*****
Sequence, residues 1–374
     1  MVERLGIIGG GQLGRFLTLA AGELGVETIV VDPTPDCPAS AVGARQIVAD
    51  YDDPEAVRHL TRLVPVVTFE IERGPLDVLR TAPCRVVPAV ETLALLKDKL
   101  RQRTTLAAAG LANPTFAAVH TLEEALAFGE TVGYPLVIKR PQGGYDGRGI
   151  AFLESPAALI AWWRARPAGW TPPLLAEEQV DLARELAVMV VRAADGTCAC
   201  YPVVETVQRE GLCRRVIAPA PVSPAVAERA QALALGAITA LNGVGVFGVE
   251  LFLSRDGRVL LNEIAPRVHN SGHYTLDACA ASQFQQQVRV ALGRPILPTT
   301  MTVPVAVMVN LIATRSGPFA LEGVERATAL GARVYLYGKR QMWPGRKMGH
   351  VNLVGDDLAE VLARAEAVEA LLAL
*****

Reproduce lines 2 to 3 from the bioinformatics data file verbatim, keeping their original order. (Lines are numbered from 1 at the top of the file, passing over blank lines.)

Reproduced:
     1  MVERLGIIGG GQLGRFLTLA AGELGVETIV VDPTPDCPAS AVGARQIVAD
    51  YDDPEAVRHL TRLVPVVTFE IERGPLDVLR TAPCRVVPAV ETLALLKDKL